Astronomers have shown that
matter likely disappears after entering a black hole, refuting an
alternate theory that matter is destroyed by colliding into a hard
surface in space.
It’s a big deal because humanity hardly understands what black holes really are. Hollywood has incorrectly envisioned them as “cosmic vacuums” or separate time-traveling dimensions, and they’re still a mystery to the fleets of scientific labs studying them.
As it stands, two prominent theories describe what happens to stars in space. One is the “event horizon”
theory, which argues that matter essentially gets sucked up into black
holes and then vanishes.
Event horizons are basically a boundary around a
black hole that is literally inescapable. Their force of gravity is so
strong that nothing — including light — can escape it. Read more (5/31/17)
I was reading about Vortices and after hours of research online, out of the blue I stumbled upon this amazing bird. This is the Red Necked Phalarope and from the looks of it seems to have put vortices to a really productive use - catching its prey.
By rotating around ~60-80 times a minute, it produces an upward vortex that sucks out insects/bugs/crustaceans from the water, which it swiftly picks up with its beak and eats. ( This one would have aced the Fluids class for sure :D)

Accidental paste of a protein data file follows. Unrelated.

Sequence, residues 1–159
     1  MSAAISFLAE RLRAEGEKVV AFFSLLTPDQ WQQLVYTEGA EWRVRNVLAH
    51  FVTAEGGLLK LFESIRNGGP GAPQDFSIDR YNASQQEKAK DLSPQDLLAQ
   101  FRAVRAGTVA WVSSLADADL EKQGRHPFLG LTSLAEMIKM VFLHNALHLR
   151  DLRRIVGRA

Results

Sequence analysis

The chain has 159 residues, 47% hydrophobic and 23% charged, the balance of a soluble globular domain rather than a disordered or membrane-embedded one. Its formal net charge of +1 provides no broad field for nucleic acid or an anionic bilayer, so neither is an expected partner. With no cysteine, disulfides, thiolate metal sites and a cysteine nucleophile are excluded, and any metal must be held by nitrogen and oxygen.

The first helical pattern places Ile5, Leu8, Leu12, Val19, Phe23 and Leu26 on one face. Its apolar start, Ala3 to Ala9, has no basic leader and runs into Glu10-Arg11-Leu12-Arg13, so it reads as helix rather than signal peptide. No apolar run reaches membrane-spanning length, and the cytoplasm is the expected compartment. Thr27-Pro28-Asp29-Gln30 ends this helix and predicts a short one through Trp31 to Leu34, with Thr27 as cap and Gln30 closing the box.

This is analogous to tornadoes sweeping up cars and houses along its way in an upward swirl.
** The actual dynamics of vortices of course is waay more complicated. ;)
*** There are three species of phalarope (red-necked, red/grey, and Wilson’s), and they can all feed like that.
Around 6 million years ago, the African and Eurasian plates moved together, cutting the Mediterranean Sea off from the Atlantic. Without an influx of water from the Atlantic, evaporation began removing more water from the Mediterranean than rivers could replace. The sea dried out almost completely over the course of a couple thousand years.
About 5.3 million years ago, the Straits of Gibraltar reopened, creating a massive flood into the Mediterranean known as the Zanclean Flood. Water rushed down the straits and into the Mediterranean at speeds as high as 40 m/s (90 mph). At its peak, the Zanclean Flood is estimated to have reached rates 1000 times greater than the volumetric flow rate of the Amazon River.
A similar breach flood occurred in the Black Sea within the past 10,000 years when the Bosporus became unblocked. That flood likely had a devastating impact on Neolithic societies in the area and may be the inspiration for the floods described in the Epic of Gilgamesh and the Bible. (Image credit: BBC, source)